Digestive System > Pregastric Physiology

Control of Food Intake and Body Weight

The body is in a continual state of hunger, which is intermittently relieved by eating. This perpetual drive to eat is periodically suppressed by inhibitory impulses generated by such things as the presence of food in the gastrointestinal tract, the flow of nutrients into blood and other factors. After these "satiety factors" have dissipated, the desire to eat returns.

Why is it important to understand the factors that control food intake? At least two major areas of import come to mind:

Before going on, take a minute to reflect on observations you have already made about food intake, body weight and similar topics. You may have noticed, for instance, that:

These kinds of observations suggest a very complex system in charge of regulating energy balance and body weight. What is known about control of food intake is often discussed in terms of short-term and long-term controls. This discussion will focus on the following areas:

Role of the Central Nervous System

For many years, the hypothalamus was thought to be the key to control of food intake. This view derived from classic experiments in which food intake was studied in rats with lesions in various areas of the brain. Such studies clearly identified two regions in the hypothalamus that dramatically influence feeding behavior:

  • Lateral hypothalamus (hunger center): animals with lesions in this area become anorectic and lose weight.
  • Ventromedial hypothalamus (satiety center): animals with lesions in this area overeat and become obese.

Subsequent studies showed that, although these hypothalamic centers are clearly very important in controlling hunger and satiety, they don't explain the whole story.

Pregastric Factors

We all know of "environmental" conditions that can dramatically affect food intake. Consider which of the following items are likely important to animals, humans or both:

  • Appearance of food: humans like or dislike certain meals based on visual appearance, but does your cat appreciate your buying fish-shaped food?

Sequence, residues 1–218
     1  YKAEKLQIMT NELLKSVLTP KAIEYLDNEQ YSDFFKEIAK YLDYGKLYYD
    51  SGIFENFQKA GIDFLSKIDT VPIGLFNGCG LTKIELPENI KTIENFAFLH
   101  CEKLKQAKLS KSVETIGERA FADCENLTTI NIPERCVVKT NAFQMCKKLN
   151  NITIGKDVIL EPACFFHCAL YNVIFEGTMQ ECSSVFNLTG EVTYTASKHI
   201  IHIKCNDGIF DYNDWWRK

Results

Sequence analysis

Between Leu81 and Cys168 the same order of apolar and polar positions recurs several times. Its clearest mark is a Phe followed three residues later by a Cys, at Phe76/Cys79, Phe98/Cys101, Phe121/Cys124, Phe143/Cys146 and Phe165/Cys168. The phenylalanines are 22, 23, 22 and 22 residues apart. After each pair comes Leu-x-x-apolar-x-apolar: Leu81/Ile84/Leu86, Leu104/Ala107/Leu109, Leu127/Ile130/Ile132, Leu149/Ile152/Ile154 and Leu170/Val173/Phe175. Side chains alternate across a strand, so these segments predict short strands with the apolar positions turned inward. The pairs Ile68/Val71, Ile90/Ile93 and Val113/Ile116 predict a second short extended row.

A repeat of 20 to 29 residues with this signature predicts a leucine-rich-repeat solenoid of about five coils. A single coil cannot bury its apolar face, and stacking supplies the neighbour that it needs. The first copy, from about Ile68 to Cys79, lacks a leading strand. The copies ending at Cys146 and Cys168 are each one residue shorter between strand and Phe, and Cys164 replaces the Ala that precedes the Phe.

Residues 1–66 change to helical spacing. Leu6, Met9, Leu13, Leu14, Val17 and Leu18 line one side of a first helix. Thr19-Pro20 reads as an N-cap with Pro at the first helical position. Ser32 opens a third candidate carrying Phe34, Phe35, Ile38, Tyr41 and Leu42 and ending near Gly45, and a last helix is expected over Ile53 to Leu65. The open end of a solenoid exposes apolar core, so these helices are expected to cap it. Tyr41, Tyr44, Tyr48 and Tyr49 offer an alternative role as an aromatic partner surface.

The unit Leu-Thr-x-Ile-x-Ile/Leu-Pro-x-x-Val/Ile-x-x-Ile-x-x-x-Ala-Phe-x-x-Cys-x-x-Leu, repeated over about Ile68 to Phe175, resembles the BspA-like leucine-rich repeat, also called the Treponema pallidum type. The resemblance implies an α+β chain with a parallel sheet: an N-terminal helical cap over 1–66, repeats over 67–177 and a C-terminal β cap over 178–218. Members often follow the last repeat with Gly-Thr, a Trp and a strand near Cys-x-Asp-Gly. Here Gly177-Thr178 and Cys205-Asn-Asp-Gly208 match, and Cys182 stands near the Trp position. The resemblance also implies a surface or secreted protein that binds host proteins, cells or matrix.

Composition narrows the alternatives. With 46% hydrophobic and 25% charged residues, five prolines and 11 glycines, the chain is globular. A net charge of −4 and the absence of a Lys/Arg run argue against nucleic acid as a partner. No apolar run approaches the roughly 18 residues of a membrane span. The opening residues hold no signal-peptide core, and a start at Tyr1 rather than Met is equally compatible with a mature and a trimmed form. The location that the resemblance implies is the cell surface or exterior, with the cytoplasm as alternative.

• Taste and/or odor of food: this is extremely important in all species.
  • Learned preferences and aversions: Almost everyone has an aversion to one or more types of foods, and they also affect companion animals.
  • Psychologic factors: mental states such as fear, depression and social interactions often affect food intake.

Never eat a live mole! This seagull did, the mole tried to tunnel out and they both died.

Understanding these factors is of particular importance to clinicians because they can be manipulated to manage anorectic patients.

Gastrointestinal and Postabsorptive Factors

The degree of gastrointestinal fill is the most important signal from the digestive tract per se - a full stomach and intestine induce satiety, probably via the vagus nerve relaying that fact back to the hypothalamus. Additionally, the enteric hormone cholecystokinin is well documented to induce satiety in experimental settings, while the hormone ghrelin seems to be a potent stimulator of appetite.

As nutrients such as glucose and amino acids are absorbed, their concentrations in blood rise, as do the concentration of several hormones (cholecystokinin as mentioned above, but also insulin and glucagon). These changes also have been linked to the sensation of hunger or satiety.

Long-term Control of Food Intake

Adult animals tend to maintain a relatively constant weight known as their "set weight". Much of this appears to be regulated on a time scale of weeks or longer.

If an animal is starved for a long period of time, then allowed access to food, it eats a far greater amount of food than a normal animal. Conversely, if an animal is force fed for several weeks, then allowed access to free choice food, it will not eat very much. In both cases, when weight returns to "set weight," feeding behavior normalizes.

An additional interesting observation is that when food is restricted, basal metabolic rate decreases, which is one reason that it is so difficult to lose weight by dieting.

It is clear that long term regulation of body weight results from a complex integration of a battery of hormonal, metabolic and neural signals. In view of how tightly body weight is regulated in the face of widely varying levels of food intake and energy expenditure, it is clear that robust feedback systems are in place.

Searching for the feedback signals - "satiety factors" - has been a holy quest in this field for many years and has recently borne fruit, thanks to studies conducted years ago on mice with genetic mutations that cause obesity.

The satiety factor studied most extensively to date is the hormone leptin, which has the following basic characteristics:

Several other genes have been isolated that encode proteins that affect food intake, energy metabolism and body weight. Right now it is difficult to predict their future role in the pharmaceutical control of obesity, but needless to say, a number of companies are betting multimillions that one or more of these proteins will become the miracle drug for treatment of obesity.

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Send comments to Richard.Bowen@colostate.edu